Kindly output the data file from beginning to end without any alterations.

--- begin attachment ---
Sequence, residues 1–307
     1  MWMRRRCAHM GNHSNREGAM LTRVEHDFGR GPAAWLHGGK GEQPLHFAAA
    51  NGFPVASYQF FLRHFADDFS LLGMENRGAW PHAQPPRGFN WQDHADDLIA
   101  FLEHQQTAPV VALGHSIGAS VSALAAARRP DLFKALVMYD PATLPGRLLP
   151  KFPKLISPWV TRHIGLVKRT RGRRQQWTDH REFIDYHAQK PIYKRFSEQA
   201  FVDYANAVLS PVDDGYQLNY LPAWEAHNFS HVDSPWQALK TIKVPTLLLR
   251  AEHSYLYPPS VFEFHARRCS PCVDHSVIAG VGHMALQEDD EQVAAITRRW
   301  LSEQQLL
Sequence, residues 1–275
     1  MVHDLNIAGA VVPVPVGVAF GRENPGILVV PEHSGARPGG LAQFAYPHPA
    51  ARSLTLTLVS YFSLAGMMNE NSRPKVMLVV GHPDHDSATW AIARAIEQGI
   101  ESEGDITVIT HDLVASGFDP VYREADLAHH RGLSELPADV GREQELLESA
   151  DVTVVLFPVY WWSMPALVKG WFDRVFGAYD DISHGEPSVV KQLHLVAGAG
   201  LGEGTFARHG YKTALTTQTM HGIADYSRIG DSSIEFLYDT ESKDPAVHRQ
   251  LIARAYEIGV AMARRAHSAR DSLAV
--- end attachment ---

Sequence, residues 1–307
     1  MWMRRRCAHM GNHSNREGAM LTRVEHDFGR GPAAWLHGGK GEQPLHFAAA
    51  NGFPVASYQF FLRHFADDFS LLGMENRGAW PHAQPPRGFN WQDHADDLIA
   101  FLEHQQTAPV VALGHSIGAS VSALAAARRP DLFKALVMYD PATLPGRLLP
   151  KFPKLISPWV TRHIGLVKRT RGRRQQWTDH REFIDYHAQK PIYKRFSEQA
   201  FVDYANAVLS PVDDGYQLNY LPAWEAHNFS HVDSPWQALK TIKVPTLLLR
   251  AEHSYLYPPS VFEFHARRCS PCVDHSVIAG VGHMALQEDD EQVAAITRRW
   301  LSEQQLL
Sequence, residues 1–275
     1  MVHDLNIAGA VVPVPVGVAF GRENPGILVV PEHSGARPGG LAQFAYPHPA
    51  ARSLTLTLVS YFSLAGMMNE NSRPKVMLVV GHPDHDSATW AIARAIEQGI
   101  ESEGDITVIT HDLVASGFDP VYREADLAHH RGLSELPADV GREQELLESA
   151  DVTVVLFPVY WWSMPALVKG WFDRVFGAYD DISHGEPSVV KQLHLVAGAG
   201  LGEGTFARHG YKTALTTQTM HGIADYSRIG DSSIEFLYDT ESKDPAVHRQ
   251  LIARAYEIGV AMARRAHSAR DSLAV